Polymeric Emulsion Technology Applied to Tretinoin

April 2019 | Volume 18 | Issue 4 | Supplement Individual Articles | 148 | Copyright © April 2019

Leon H. Kircik MD,a Zoe D. Draelos MD,b Diane S. Berson MDc

School of Medicine at Mount Sinai, New York, NY; Indiana School of Medicine, Indianapolis, IN; Physicians Skin Care, PLLC, Louisville, KY; DermResearch, PLLC, Louisville, KY; Skin Sciences, PLLC, Louisville, KY BDermatology Consulting Services, PLLC, High Point, NC cDepartment of Dermatology, Weill Medical College of Cornell University, New York-Presbyterian Hospital, New York, NY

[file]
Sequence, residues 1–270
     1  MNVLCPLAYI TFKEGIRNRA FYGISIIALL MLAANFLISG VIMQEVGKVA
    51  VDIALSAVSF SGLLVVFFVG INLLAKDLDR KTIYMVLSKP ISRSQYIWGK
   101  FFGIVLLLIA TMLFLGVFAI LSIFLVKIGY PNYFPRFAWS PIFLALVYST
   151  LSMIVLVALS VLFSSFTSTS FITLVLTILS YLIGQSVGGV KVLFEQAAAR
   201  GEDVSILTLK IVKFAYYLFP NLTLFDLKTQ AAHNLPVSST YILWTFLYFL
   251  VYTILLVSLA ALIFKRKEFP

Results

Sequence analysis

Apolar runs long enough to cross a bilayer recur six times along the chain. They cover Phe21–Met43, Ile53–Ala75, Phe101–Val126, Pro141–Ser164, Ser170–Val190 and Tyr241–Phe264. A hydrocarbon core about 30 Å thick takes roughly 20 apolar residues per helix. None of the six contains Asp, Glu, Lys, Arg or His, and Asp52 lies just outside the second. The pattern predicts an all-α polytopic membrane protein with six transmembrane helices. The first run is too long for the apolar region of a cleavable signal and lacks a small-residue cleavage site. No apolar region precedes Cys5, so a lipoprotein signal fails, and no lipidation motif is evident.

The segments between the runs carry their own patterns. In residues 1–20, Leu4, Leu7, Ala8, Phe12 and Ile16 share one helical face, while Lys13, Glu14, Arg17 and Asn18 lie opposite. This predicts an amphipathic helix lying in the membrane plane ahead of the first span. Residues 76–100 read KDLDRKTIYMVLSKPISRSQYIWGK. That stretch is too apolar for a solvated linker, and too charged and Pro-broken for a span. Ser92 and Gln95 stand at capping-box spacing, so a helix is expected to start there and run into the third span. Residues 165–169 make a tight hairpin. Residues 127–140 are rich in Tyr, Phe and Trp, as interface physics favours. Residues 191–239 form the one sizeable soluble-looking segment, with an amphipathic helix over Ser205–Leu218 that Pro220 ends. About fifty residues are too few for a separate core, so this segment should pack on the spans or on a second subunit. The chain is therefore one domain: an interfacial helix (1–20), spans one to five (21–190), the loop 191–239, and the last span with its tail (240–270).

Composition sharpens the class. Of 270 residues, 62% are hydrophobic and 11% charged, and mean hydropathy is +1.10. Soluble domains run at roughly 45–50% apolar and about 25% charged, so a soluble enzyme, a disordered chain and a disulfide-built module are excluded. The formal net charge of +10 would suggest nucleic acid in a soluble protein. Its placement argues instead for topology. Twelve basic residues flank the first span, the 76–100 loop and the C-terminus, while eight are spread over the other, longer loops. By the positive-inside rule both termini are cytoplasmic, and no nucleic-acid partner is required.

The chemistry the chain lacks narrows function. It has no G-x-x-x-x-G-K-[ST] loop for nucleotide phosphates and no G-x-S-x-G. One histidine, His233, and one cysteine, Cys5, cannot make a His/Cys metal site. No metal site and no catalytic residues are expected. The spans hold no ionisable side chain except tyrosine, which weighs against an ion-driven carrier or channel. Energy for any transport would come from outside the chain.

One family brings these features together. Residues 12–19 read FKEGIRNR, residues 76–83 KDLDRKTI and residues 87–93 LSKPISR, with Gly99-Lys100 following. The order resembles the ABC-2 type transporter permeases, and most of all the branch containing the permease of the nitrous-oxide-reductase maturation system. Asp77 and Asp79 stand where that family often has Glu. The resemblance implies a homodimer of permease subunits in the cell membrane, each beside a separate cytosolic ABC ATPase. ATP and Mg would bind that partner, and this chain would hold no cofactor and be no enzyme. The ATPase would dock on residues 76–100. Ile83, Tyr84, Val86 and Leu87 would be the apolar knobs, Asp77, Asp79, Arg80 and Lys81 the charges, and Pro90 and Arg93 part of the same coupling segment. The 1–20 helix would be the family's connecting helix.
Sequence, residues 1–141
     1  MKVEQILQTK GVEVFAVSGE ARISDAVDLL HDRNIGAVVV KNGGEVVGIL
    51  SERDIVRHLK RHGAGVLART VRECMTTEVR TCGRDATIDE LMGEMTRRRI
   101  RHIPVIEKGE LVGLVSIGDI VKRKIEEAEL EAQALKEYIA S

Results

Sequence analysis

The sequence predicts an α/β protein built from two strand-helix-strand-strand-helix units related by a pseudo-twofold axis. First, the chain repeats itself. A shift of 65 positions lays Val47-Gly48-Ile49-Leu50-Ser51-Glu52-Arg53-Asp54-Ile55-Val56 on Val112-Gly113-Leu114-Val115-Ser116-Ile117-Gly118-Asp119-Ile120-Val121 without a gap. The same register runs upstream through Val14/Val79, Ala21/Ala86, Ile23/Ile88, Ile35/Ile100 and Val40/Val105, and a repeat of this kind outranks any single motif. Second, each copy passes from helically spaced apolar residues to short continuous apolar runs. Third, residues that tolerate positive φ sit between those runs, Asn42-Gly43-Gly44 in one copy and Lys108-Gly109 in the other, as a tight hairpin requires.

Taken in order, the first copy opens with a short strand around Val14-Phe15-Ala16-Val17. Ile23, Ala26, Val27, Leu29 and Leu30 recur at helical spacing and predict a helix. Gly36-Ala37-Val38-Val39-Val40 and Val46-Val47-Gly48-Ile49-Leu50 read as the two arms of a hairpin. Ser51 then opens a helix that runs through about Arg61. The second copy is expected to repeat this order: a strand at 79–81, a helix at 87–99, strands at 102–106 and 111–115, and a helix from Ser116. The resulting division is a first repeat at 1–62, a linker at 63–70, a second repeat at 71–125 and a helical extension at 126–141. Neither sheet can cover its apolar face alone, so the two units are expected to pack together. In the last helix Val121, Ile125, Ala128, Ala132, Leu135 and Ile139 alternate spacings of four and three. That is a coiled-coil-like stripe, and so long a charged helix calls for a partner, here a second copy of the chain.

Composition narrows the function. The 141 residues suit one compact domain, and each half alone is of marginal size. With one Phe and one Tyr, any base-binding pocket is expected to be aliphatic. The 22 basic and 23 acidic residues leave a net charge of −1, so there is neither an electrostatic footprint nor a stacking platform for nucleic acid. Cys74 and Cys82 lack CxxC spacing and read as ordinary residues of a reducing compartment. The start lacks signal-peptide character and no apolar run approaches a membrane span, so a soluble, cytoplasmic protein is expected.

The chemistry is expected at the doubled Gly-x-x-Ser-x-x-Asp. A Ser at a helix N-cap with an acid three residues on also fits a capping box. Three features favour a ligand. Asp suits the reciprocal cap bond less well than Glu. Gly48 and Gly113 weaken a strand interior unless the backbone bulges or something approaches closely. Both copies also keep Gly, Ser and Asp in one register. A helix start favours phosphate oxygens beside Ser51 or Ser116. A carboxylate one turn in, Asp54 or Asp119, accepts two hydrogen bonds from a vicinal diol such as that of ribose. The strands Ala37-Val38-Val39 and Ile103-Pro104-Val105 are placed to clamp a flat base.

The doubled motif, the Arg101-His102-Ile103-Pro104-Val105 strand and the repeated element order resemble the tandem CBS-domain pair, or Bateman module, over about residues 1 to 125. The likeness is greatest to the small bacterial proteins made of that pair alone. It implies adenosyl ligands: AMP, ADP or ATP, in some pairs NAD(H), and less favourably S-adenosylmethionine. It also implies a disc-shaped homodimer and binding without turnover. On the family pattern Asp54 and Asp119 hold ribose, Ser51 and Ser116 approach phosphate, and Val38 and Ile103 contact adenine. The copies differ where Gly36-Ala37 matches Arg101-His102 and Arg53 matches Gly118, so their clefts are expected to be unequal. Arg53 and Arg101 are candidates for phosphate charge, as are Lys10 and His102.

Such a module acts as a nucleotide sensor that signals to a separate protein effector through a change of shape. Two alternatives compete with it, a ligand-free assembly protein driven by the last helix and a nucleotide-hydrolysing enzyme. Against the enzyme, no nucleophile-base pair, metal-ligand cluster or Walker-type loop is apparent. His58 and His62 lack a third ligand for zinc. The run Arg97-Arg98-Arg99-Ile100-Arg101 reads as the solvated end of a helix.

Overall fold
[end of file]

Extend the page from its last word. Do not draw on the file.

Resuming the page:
Figure4Ban effective skin barrier by reducing epidermal water loss and improving skin hydration. Skin hydration and barrier protection of the lotion were assessed through corneometry and transepidermal water loss (TEWL) in 30 female healthy volunteers (aged 35-65 years) over 24 hours, using the test material applied to the volar forearm, with an untreated site serving as a control. Measurements using Tewameter® and Corneometer® were taken at baseline, 15 and 30 minutes, and 1, 2, 3, 8, and 24 hours post-application. In addition, at the 8-hour study period 15 subjects applied the test material to the right side of their face and completed a customer perception evaluation of the novel formulation. Adverse events (AEs) were noted throughout and irritation assessed at pre- and post-application. There were no AEs or skin irritation reported throughout the study. At baseline, mean corneometry scores were 29.2 ± 2.4 and 28.1 ± 2.7 units (test material and untreated control, respectively). There was an immediate improvement in water content that was maintained throughout the study with the test material. After 15 minutes, the mean score had increased to 59.4 ± 4.3 units (Figure 2). There was no improvement at the control site and